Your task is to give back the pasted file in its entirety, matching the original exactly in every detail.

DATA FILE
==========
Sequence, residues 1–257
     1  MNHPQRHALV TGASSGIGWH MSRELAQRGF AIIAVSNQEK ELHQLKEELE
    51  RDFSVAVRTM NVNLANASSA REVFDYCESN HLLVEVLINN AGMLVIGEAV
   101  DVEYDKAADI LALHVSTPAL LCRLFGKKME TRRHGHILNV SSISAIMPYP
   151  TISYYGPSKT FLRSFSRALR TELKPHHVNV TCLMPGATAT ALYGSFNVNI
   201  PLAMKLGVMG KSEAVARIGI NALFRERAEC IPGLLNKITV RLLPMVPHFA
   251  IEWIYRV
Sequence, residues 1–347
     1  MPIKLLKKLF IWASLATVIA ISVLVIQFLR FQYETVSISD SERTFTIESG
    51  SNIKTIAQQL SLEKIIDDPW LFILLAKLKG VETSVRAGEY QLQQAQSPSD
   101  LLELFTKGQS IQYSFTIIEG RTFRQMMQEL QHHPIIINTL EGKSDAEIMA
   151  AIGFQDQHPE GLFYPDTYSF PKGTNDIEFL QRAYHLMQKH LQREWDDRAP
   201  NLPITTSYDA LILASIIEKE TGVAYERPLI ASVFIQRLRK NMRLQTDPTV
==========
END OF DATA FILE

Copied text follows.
Sequence, residues 1–257
     1  MNHPQRHALV TGASSGIGWH MSRELAQRGF AIIAVSNQEK ELHQLKEELE
    51  RDFSVAVRTM NVNLANASSA REVFDYCESN HLLVEVLINN AGMLVIGEAV
   101  DVEYDKAADI LALHVSTPAL LCRLFGKKME TRRHGHILNV SSISAIMPYP
   151  TISYYGPSKT FLRSFSRALR TELKPHHVNV TCLMPGATAT ALYGSFNVNI
   201  PLAMKLGVMG KSEAVARIGI NALFRERAEC IPGLLNKITV RLLPMVPHFA
   251  IEWIYRV
Sequence, residues 1–347
     1  MPIKLLKKLF IWASLATVIA ISVLVIQFLR FQYETVSISD SERTFTIESG
    51  SNIKTIAQQL SLEKIIDDPW LFILLAKLKG VETSVRAGEY QLQQAQSPSD
   101  LLELFTKGQS IQYSFTIIEG RTFRQMMQEL QHHPIIINTL EGKSDAEIMA
   151  AIGFQDQHPE GLFYPDTYSF PKGTNDIEFL QRAYHLMQKH LQREWDDRAP
   201  NLPITTSYDA LILASIIEKE TGVAYERPLI ASVFIQRLRK NMRLQTDPTV